Selected picture

Antarctica
Credit: NASA

Antarctica, the continent surrounding the Earth's South Pole, is the coldest place on earth and is almost entirely covered by ice. Antarctica was discovered in late January 1820. Too cold and dry to support virtually any vascular plants, Antarctica's flora presently consists of around 250 lichens, 100 mosses, 25-30 liverworts, and around 700 terrestrial and aquatic algal species.

Did you know?

Photograph of volcano
  • ...that a tuya (pictured) is a type of flat-topped, steep-sided volcano formed when lava erupts through a thick glacier or ice sheet?
  • ...that in the United States, on average tornadoes are around 500 feet (150 m) across, and stay on the ground for 5 miles (8 km)?
  • ...that dust storms can carry large amounts of dust, so much so that the leading edge of one can appear as a solid wall of dust as much as 1.6 km (1 mile) high?
  • ...that the area of the world Ocean is 361 million square  kilometers, its volume is approximately 1.3 billion cubic kilometers, and its average depth is 3,790 meters?
  • ...that three quarters of the earth's atmosphere lies within the troposphere, and the depth of this layer varies between 17 km at the equator and 7 km at the poles?
  • ...that the Mariana Trench is the deepest point in the ocean?

Things you can do

Nuvola apps kword.png
  • Edit an Earth sciences article
Whether you are an expert or a novice, be bold, improve an article by editing it. If you're not sure how to do it, practice in the sandbox.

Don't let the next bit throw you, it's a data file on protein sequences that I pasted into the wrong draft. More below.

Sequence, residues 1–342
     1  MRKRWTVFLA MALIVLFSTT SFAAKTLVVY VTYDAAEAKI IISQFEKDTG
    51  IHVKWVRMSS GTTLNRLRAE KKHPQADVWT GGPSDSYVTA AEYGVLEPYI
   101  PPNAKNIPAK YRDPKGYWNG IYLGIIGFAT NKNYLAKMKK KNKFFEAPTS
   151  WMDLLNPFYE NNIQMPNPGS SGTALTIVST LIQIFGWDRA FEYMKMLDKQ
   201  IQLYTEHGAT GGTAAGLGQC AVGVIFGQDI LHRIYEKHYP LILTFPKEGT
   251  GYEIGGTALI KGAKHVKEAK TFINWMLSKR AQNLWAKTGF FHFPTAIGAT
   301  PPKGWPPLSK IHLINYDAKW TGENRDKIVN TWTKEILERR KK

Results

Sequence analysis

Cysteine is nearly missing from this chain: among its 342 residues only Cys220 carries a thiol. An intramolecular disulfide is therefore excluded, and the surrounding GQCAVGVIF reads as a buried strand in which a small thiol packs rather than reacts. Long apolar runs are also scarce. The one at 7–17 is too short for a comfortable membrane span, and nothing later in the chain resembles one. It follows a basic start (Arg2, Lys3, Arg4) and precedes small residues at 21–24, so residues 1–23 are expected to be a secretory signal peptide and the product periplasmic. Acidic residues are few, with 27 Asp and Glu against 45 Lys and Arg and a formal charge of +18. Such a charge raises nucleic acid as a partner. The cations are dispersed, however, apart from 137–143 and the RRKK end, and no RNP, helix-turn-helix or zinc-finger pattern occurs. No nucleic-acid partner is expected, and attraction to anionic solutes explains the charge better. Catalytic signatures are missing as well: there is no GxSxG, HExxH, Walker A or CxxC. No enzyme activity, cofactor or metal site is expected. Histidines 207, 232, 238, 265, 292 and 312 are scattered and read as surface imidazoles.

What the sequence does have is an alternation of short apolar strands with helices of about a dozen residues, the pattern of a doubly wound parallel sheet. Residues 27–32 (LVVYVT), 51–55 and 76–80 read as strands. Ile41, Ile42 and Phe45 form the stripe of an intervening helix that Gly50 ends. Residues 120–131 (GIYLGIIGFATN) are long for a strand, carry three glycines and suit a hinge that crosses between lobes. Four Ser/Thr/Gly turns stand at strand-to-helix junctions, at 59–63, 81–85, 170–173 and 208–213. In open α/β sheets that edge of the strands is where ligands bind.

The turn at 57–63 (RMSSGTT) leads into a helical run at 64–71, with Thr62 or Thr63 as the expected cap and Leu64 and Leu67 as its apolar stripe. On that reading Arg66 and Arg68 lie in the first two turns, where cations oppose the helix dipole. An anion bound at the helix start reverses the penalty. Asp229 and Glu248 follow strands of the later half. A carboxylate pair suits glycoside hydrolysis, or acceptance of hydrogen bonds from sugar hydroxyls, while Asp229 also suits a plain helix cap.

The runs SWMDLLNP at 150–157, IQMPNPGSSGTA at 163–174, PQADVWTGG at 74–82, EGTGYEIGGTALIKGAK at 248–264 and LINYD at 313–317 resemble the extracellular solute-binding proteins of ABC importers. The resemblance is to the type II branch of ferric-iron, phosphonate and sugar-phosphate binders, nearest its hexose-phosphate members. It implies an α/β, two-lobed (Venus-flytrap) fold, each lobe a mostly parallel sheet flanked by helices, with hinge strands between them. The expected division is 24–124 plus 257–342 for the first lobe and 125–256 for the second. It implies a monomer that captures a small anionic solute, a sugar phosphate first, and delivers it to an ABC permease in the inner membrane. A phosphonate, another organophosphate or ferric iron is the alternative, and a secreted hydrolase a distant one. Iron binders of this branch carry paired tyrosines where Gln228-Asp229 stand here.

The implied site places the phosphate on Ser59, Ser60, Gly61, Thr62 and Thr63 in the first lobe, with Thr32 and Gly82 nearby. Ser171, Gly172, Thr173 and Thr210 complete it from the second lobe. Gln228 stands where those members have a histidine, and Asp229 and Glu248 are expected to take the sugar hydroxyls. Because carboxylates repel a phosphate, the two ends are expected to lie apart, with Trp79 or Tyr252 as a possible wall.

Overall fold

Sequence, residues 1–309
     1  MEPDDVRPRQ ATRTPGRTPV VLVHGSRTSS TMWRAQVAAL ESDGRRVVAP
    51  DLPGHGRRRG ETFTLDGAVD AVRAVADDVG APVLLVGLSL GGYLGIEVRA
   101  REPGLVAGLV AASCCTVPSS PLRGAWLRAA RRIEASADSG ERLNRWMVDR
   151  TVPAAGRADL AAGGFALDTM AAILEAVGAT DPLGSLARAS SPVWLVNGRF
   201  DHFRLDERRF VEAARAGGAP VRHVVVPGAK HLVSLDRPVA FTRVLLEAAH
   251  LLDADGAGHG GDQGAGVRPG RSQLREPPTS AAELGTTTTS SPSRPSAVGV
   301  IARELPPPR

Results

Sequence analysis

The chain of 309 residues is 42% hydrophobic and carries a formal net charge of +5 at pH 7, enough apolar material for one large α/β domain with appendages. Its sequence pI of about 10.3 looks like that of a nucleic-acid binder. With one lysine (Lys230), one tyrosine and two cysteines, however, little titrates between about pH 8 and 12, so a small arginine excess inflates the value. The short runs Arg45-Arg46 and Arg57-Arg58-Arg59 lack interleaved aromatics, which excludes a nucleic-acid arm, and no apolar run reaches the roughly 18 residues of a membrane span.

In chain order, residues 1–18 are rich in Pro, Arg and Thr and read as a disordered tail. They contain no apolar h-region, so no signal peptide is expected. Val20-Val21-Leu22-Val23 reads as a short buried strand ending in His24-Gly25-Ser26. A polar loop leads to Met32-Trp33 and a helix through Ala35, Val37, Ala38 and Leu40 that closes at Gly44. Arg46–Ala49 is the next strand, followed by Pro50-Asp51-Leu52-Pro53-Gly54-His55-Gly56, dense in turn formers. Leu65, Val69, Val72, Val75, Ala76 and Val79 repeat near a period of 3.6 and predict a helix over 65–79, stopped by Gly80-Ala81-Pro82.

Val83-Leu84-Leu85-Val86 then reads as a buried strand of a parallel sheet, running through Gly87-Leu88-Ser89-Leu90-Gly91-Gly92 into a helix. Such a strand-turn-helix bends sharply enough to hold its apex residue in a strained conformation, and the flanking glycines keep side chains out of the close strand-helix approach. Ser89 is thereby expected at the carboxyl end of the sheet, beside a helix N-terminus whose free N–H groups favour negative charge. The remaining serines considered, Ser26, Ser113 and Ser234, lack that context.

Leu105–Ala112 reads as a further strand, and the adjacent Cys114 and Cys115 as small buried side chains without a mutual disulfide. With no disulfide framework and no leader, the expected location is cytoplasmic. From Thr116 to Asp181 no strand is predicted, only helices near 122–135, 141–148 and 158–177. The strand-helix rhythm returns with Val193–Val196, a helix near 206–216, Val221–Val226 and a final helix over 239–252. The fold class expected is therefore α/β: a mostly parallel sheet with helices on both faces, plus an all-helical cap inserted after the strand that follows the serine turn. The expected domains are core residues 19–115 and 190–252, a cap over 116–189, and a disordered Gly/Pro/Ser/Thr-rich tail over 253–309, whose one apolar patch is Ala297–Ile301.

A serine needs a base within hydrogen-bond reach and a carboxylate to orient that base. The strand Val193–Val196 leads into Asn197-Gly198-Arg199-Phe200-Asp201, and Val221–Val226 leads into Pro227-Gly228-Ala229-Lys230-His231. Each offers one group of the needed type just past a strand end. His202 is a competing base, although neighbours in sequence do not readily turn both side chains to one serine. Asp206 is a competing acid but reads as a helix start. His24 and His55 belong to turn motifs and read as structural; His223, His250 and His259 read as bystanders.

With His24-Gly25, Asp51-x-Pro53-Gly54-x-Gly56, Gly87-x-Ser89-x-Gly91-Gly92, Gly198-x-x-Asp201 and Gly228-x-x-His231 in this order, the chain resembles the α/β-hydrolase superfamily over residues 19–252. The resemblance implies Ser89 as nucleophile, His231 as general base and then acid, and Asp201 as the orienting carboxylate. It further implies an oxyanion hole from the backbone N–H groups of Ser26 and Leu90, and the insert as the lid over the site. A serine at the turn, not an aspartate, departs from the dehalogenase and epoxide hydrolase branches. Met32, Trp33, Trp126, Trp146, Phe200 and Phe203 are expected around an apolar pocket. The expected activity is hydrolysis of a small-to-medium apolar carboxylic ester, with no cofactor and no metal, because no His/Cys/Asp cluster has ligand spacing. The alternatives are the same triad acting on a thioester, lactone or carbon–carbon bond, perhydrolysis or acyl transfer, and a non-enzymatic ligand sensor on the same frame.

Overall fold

• Join one of the WikiProjects listed below.
    • Watch its talk page for earth science-related issues on Wikipedia.
  • Improve this portal
  • Review articles
    • Assign importance and quality to unassessed articles (see the project's assessment department).
    • If you see a problem you can't fix yourself, add a cleanup tag.
  • Advanced Editing

WikiProjects

Quality content

Related topics

For a more comprehensive treatment of topics, see Outline of earth science and Index of earth science articles

Atmosphere Hydrosphere Lithosphere
Biosphere Systems Others
Categories

Related Portals



Nuvola apps kalzium.svg Science:

Astrolabe-Persian-18C.jpg History of science    P philosophy.png  Philosophy of science    Complex-adaptive-system.jpg Systems science    Nuvola apps edu mathematics-p.svg Mathematics    EscherichiaColi NIAID.jpg Biology    Nuvola apps edu science.svg Chemistry    Stylised Lithium Atom.svg Physics    Gnome-globe.svg Earth sciences    Nuvola apps display.png Technology   

Associated Wikimedia

Earth sciences on Wikinews     Earth sciences on Wikiquote     Earth sciences on Wikibooks     Geology portal on Wikisource     Earth sciences on Wiktionary     Earth sciences on Wikimedia Commons
News Quotations Manuals & Texts Texts Definitions Images & Media
link=Wikinews:Earth sciences
Wikiquote-logo.svg
Wikibooks-logo.svg
Wikisource-logo.svg
Wiktionary-logo-en-35px.png
Commons-logo.svg